George Leoni Chesnut, 89, a spy by day and a translator of biblical Greek by night, died April 20 of pneumonia at Virginia Hospital Center in Arlington.
A translator of more than 50 languages, ancient and modern, he used his linguistic skills at the National Security Agency for more than 30 years as a civilian director of the agency's analytic section. He also taught Spanish part time at George Washington University.
After work, on weekends and in retirement, he translated children's poetry from Chinese to Spanish and English; compiled Serbian and Afghan Pashto dictionaries; translated a French movie script into English; and biblical texts into Dinka, the language of southern Sudan. He considered his work with biblical Greek to be something of a divine calling and conducted seminars on the ancient language for churches.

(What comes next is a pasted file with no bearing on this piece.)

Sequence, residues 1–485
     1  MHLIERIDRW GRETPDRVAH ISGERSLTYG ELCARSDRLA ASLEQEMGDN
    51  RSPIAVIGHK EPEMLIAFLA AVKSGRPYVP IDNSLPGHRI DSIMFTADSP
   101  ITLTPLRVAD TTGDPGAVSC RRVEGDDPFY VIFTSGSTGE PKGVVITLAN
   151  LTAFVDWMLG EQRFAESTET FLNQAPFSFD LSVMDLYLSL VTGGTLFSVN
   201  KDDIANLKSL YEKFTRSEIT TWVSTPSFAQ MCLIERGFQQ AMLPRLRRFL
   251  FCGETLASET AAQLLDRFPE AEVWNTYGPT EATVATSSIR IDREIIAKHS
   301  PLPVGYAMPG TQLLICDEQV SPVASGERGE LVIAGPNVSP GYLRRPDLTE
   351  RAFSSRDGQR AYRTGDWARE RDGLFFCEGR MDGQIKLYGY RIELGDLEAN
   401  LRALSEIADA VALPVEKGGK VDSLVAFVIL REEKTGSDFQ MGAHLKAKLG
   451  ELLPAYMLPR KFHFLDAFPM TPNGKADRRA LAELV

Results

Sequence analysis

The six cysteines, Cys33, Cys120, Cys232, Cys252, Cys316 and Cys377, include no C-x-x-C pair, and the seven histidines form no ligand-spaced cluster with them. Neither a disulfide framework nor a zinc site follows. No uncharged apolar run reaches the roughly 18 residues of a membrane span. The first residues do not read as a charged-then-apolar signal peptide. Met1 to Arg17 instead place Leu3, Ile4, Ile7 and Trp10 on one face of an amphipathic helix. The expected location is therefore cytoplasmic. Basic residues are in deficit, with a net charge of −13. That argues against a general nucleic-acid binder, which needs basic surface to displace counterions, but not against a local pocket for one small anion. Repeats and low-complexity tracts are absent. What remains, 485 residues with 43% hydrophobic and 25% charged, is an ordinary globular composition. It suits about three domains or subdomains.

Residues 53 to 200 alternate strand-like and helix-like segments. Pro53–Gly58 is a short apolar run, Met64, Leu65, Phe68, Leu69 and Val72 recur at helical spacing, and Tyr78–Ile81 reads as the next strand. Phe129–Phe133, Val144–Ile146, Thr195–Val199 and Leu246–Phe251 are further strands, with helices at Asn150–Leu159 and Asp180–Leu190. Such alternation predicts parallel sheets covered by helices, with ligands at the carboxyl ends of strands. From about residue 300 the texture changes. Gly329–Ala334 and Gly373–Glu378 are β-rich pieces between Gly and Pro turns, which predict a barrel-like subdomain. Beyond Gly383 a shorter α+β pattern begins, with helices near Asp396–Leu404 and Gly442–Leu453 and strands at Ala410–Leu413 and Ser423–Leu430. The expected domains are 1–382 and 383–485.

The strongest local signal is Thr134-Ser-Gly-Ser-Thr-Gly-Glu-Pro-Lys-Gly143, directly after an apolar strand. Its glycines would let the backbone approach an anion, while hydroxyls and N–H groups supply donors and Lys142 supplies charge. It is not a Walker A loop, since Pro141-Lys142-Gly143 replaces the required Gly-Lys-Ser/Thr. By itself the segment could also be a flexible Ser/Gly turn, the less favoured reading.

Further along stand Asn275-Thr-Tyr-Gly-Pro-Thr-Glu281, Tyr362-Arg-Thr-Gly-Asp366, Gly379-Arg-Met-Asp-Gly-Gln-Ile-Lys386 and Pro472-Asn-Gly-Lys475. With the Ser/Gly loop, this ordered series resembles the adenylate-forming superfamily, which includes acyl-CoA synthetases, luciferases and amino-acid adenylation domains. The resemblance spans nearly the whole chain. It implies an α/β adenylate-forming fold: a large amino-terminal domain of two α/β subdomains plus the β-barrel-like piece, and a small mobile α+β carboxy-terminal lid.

A polymath who believed in keeping his mind engaged, he calculated license-plate prime numbers while in line at the DMV and allowed others to go ahead of him until the prime-number plate he desired came up.
He also was an accomplished pianist. Although he never discussed his work at the National Security Agency, family members could often determine how things were going in Czechoslovakia or other world hot spots by how many Bach sonatas Mr. Chesnut played when he came home at night. A three-sonata night meant a crisis somewhere in the world.
During World War II, Mr. Chesnut served as an officer in Naval Intelligence. Joining the NSA after his discharge, he was recalled to active duty during the Korean War, serving on Okinawa and Taiwan and in Washington. He returned to the NSA after the war and worked for the agency until his retirement in 1979.